In 1993, Dinosaur Jr. sounded like a band again. After some lineup turnover, the group was putting the trio back into power trio.

In recent years, Dinosaur Jr. had fired bassist Lou Barlow and signed a deal with Sire Records. The band’s major-label debut, 1991’s Green Mind, was, essentially, a solo record for frontman J Mascis – who, in addition to his usual role as singer-songwriter-guitarist, handled all bass duties and most of the drums.

But with new bassist Mike Johnson in Dinosaur Jr., Mascis was keen to return to the old ways of doing things by making an album that played on the tangled interplay of a three-piece band. Sonically, the album that would be released as Where You Been was as democratic as this group got, featuring explosive playing by Mascis, Johnson and drummer Emmett “Murph” Murphy.

“It’s the first time we’ve felt like a band for maybe six years, or something,” Mascis told MTV’s 120 Minutes in 1993. “[Johnson] adds a lot, just having someone that I can get along with musically and personally. It just makes the record better having all the people there contributing something, rather than the last one.”

But Where You Been didn’t just rely on the band’s distinctive mix of weedy vocals, barbed instrumentation and melodies buried under waves of distortion. Dinosaur Jr.’s fifth studio disc also added to the trio’s sonic palette, with Mascis playing timpani (the background thunder on “What Else Is New”) and chimes (which brighten opener “Out There”) as well as integrating the talents of a string quartet on multiple tracks.

The sounds may have become prettier, but the lyrics often centered on the ugly ache of relationships. On the moody ballad “Not the Same,” Mascis employs his Neil Young-like whine to describe a fraying partnership. With a sigh and a nod to acceptance, he sleepwalks through the cold tune, singing, “As I walk with you, it chills me so / To hear you say it is come to this / And that it is okay.”

“J’s fascinated by the different levels of communication that go on within relationships, whether they be personal or business or whatever,” Murph told Spin in 1993. “He’s like an addict. He loves to see that interplay between people.”

If Mascis seemed to be an ambivalent observer in his lyrics, that notion was only enhanced by the music media. After the release of Where You Been on Feb. 9, 1993, the singer-guitarist displayed his lack of interest in discussing his music in magazine interviews and appeared insouciant when he showed up on MTV’s alt-rock-geared programming. That didn’t stop the channel’s 120 Minutes or Alternative Nation from playing Dinosaur Jr. videos, including the one for lead single “Start Choppin’” and the snowy clip for the follow-up, “Out There.”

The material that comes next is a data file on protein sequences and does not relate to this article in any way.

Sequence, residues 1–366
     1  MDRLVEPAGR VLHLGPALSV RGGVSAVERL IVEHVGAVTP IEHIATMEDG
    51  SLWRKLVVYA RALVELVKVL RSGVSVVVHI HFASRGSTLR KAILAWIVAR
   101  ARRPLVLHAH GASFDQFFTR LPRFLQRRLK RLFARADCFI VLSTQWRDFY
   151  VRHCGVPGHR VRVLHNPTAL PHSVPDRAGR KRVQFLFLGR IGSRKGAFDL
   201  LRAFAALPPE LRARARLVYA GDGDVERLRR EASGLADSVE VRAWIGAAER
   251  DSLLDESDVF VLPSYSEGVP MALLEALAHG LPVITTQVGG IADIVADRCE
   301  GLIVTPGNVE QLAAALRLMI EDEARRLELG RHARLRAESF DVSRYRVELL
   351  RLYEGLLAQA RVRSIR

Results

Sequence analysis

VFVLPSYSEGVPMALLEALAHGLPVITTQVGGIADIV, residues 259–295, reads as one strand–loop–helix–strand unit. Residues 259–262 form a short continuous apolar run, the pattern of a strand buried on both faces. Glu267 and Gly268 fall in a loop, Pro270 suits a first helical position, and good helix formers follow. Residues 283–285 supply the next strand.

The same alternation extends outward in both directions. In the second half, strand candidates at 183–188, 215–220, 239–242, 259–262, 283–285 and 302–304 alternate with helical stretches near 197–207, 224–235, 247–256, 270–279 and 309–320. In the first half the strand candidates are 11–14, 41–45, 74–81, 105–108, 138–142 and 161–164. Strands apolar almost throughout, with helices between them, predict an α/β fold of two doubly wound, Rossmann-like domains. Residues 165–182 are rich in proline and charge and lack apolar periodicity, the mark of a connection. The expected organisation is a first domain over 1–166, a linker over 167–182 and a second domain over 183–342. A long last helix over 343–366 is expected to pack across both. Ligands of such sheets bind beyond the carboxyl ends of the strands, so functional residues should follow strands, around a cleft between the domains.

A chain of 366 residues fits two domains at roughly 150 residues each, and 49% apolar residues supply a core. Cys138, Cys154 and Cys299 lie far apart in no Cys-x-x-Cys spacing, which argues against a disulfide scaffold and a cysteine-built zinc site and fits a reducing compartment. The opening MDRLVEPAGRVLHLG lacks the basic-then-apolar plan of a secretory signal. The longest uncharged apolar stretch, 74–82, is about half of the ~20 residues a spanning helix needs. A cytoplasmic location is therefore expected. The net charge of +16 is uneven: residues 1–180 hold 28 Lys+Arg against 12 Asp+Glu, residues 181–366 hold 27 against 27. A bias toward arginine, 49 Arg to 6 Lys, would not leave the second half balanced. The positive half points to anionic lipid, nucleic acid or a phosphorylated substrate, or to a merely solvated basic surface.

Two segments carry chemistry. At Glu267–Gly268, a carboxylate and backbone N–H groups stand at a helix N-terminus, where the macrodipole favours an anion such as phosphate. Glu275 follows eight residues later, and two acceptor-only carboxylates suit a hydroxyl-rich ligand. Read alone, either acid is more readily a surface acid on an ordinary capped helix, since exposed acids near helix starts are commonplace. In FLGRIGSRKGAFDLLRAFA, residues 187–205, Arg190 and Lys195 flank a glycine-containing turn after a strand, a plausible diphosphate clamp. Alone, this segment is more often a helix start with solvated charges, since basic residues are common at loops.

That only aided the band’s popularity. “Start Choppin’” became the band's biggest “hit” (No. 3 on Billboard’s Modern Rock chart and No. 20 in the U.K.) in their entire catalog, while “Out There” became an alternative radio selection and ended up on the soundtrack to Wayne’s World 2 later in 1993. Where You Been turned into Dinosaur Jr.’s most popular album to date, selling in excess of 200,000 copies and rising to No. 50 on the U.S. chart and No. 10 in Britain. In the alt-rock world, there was a sense that this band would be the next one to explode in popularity.

“We’re just making records and, I mean, every one sold more than the last one,” Mascis said at the time. “Whatever happens, we’ll deal with it then.”

Yet, with a declining appetite for abrasive rock and a shift in the band’s lineup (Murph left in 1993), Dinosaur Jr. never quite became rock superstars, instead finding a middle ground with a healthy following and plenty of praise from critics and their fellow musicians. After Where You Been, Mascis would return to recording the majority of the band’s records himself. The band later reinvigorated their power trio dynamic when Mascis, Barlow and Murph reunited to make new albums, starting with 2007’s Beyond.

Where You Been remained a touchstone for fans, who have sometimes described it as a template for Dinosaur Jr.’s sound on their more recent releases. Looking back, Murph considers the album his favorite.

“On every record, there’s songs I like,” he told The Skinny in 2009. “Out of the records I played on, I think of Where You Been very fondly.”



Top 100 '90s Rock Albums